If you purchase for example a baby oil or an eczema cream that hold the AllergyCertified label the products are are safe as the organization’s toxicologists have gone through each ingredient and done a thorough risk assessment. With stringent quality requirements regarding the information provided by the various cosmetics companies. The end product is guaranteed to you as a customer.
AllergyCertified has certified more than 1000 products sold in more than 100 countries. The AllergyCertified label is designed so you easily can know what it stands for: A minimal risk of skin allergy. Therefore, you do not necessarily need to know about the label before you shop, as the label simply shows what it stands for: An AllergyCertified product. Before a company can certify a product, all information about the ingredients in the product must be sent to this organization. This means that the ingredients of every product are disclosed, the intensity of the ingredients and the name of the ingredients is written with use of the international professional chemical language INCI. In this way you can be sure that no known allergens are hiding in a product’s raw materials.
AllergyCertified skin products prevent skin allergies
As many as 27% of Europe’s adult population today has some form of skin allergy, and this is known as a growing problem. Skin allergies are negative for mainly two reasons; Mainly because skin allergy is a chronic disease, which means that there is no cure and that skin allergy is something you must learn to live with. Second, skin allergy can be prevented by avoiding ingredients that are allergenic. Skin allergy development can be related to the environment. This means that allergies are determined by what your skin is in direct contact with, and on how often this contact occurs.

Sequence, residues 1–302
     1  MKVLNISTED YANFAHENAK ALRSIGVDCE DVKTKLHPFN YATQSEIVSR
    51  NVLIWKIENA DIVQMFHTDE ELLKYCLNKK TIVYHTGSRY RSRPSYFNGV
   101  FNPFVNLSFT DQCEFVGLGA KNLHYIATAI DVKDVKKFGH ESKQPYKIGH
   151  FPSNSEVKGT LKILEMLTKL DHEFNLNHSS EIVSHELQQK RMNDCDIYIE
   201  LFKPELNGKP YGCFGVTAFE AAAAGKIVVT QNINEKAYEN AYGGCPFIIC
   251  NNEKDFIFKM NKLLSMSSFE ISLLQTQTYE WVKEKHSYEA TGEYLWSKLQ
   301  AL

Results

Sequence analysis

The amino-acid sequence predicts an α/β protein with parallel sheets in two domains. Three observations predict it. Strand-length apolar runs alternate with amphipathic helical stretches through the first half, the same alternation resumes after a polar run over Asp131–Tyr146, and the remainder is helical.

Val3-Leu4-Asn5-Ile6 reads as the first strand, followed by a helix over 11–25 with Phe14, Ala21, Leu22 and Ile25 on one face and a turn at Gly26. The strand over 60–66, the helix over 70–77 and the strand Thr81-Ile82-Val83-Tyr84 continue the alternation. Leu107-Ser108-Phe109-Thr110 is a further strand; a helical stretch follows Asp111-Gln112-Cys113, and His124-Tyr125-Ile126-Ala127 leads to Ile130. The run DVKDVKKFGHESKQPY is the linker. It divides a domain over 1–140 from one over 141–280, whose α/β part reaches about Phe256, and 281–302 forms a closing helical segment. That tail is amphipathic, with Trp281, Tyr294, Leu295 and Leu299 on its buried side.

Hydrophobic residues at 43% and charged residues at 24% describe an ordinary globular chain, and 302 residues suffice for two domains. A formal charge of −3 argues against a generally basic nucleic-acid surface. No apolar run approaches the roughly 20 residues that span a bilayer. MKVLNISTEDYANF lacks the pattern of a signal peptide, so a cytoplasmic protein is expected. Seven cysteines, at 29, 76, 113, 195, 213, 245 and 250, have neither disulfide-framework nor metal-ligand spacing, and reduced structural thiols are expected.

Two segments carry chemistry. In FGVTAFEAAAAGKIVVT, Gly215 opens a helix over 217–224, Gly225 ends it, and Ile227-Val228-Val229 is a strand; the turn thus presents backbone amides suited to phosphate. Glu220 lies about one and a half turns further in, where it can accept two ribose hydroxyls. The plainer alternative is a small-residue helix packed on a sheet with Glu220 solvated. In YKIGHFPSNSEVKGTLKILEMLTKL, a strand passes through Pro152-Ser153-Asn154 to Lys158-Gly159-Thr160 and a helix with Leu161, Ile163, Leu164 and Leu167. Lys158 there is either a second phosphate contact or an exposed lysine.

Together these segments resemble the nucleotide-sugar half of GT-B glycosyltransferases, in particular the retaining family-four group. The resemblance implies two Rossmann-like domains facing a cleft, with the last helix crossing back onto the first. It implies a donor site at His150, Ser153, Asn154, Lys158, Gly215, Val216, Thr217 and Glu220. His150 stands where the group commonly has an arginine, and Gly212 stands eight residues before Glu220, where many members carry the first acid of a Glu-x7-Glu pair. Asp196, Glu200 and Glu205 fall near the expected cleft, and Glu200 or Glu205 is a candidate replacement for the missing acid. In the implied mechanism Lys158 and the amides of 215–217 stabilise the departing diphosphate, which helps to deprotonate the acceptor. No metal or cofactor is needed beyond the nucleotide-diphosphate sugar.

Five tips to avoid skin allergy
Here we share AllergyCertified’s tips on how to avoid skin allergy:
Here are five tips to prevent skin allergy – listed from the ideal to the difficult:
Look for AllergyCertified label
The simplest and most effective way to avoid sensitization and developing a skin allergy is to buy products with an allergy certification, whether it’s a mascara, eczema cream or laundry detergent.
Why? The INCI lists on the back of products have limitations. As a consumer you cannot see the concentration of each ingredient and you have no way of knowing what the individual ingredient is made of. We know.
That way you can rest assured that a toxicologist has made a thorough risk assessment of all the ingredients (and the ingredients’ ingredients).
A) Avoid perfume all together
This is a big one. Because perfume is everywhere and in everything. Even where it is not needed.
Mascara – Who is going to smell my eyelashes?
Dishwashing soap – Can porcelain really absorb fragrance?
Detergents – Is it truly cleaner because it is smelling like pot pourri?
This includes essential oils.
All perfumes are allergens – both synthetic and natural perfume such as essential oils. And it is sadly not enough to look for the words “perfume” or “parfum” on the products.
Ingredients of natural origin such as “lavender”, “rose” or “lemon peel” is not declared as a perfume even though it only adds fragrance.